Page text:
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Survival of Influenza Virus in the Environment

Lipinski, Abby (2024) Survival of Influenza Virus in the Environment. Master's Thesis, University of Pittsburgh. (Unpublished)

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Influenza viruses are responsible for high levels of morbidity and mortality on an annual basis. Transmission of influenza is thought to be possible through direct contact, large respiratory droplets, contaminated surfaces (fomites), and small particle aerosols. The relative contribution of each mode and its importance in transmission remains underexamined. In this study, type A(H3N2) influenza and type B Victoria influenza were evaluated for survival in aerosol and on surfaces. Aerosol survival was assessed by filling a rotating drum with aerosolized virus with a Collison nebulizer, and samples were collected with an all-glass impinger. In H3N2 aerosols 20% of virus remained after one hour, 6% remained after two hours, and by four hours virus was non-recoverable. Aerosolization of type B found 1.5% of virus remaining after an hour with no recovery of virus after two hours. Analysis of H3N2 samples by RT-qPCR revealed long-term stability of viral genomes that may overestimate the risk of transmission. Viral decay in droplets was a function of droplet size, surface material, and the relative humidity in the environment, though under most conditions, virus was recoverable after 8 hours. Droplets of H3N2 tended to experience the most decay at 40% RH and condition-specific differences in decay for droplets placed on polypropylene or stainless steel were noted. Smaller type B droplets tended to experience more decay at 80% RH while larger droplets experienced the least decay at 80% RH. Overall, this work demonstrates the importance of assessing influenza viruses independently for survival and can be applied to develop non-pharmaceutical interventions.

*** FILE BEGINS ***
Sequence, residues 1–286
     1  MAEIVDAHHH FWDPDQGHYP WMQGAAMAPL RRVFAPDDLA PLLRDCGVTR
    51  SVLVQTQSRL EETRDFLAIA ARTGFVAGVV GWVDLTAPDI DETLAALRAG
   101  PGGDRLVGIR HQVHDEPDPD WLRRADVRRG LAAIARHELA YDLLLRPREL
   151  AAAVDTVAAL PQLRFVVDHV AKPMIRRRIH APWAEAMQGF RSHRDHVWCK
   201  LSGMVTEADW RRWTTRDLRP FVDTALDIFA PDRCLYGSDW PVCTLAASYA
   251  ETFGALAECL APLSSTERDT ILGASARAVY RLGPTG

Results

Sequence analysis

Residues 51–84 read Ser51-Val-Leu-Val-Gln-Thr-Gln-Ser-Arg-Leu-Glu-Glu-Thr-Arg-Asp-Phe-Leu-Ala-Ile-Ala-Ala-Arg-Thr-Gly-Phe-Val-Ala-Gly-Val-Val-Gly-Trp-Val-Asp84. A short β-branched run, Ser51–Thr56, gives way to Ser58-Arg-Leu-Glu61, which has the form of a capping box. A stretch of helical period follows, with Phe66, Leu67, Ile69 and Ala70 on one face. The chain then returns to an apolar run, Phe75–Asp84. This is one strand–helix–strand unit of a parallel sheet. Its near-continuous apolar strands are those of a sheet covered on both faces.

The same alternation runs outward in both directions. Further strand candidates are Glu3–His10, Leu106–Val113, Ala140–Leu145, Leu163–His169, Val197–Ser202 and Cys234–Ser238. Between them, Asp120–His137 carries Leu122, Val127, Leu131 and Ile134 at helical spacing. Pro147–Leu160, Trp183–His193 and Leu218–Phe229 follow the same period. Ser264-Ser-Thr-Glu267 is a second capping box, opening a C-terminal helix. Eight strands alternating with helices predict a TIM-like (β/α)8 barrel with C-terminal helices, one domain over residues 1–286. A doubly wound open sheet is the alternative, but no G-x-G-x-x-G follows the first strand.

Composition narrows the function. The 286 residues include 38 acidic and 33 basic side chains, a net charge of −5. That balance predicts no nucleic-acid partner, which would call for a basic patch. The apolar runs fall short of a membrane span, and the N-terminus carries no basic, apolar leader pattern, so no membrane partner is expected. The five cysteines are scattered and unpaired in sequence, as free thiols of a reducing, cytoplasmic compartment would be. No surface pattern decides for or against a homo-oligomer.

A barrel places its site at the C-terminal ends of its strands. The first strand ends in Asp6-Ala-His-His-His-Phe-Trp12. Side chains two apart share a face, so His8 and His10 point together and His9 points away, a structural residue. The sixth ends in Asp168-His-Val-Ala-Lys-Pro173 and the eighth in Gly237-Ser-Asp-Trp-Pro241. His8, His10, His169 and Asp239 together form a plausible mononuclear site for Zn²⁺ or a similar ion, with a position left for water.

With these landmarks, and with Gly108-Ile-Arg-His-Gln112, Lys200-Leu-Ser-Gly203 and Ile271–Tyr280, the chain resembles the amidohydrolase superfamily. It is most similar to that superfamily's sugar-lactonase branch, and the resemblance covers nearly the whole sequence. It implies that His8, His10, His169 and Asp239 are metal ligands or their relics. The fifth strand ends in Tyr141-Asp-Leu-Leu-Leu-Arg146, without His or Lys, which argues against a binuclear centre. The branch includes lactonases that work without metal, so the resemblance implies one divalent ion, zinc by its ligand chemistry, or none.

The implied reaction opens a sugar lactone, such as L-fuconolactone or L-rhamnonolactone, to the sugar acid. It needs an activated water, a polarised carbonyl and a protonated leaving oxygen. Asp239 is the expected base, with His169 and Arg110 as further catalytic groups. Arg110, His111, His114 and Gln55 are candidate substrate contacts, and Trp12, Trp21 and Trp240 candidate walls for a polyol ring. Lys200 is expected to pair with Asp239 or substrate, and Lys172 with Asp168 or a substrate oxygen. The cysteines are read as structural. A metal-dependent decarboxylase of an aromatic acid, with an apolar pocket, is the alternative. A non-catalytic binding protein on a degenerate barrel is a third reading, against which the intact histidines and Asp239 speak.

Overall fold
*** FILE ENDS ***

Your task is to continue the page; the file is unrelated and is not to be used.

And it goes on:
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Item Type: University of Pittsburgh ETD
Status: Unpublished
CreatorsEmailPitt UsernameORCID
Lipinski, Abbyabl84@pitt.eduabl84
ETD Committee:
TitleMemberEmail AddressPitt UsernameORCID
Thesis AdvisorReed, Douglasdsreed@pitt.edudsreed
Committee MemberHartman, Amyhartman2@pitt.eduhartman2
Committee MemberMartinson, Jeremyjmartins@pitt.edujmartins
Date: 14 May 2024
Date Type: Publication
Defense Date: 16 April 2024
Approval Date: 14 May 2024
Submission Date: 23 April 2024
Access Restriction: 2 year -- Restrict access to University of Pittsburgh for a period of 2 years.
Number of Pages: 64
Institution: University of Pittsburgh
Schools and Programs: School of Public Health > Infectious Diseases and Microbiology
Degree: MS - Master of Science
Thesis Type: Master's Thesis
Refereed: Yes
Uncontrolled Keywords: Influenza, aerosols, fomites
Date Deposited: 14 May 2024 19:12
Last Modified: 14 May 2024 19:12


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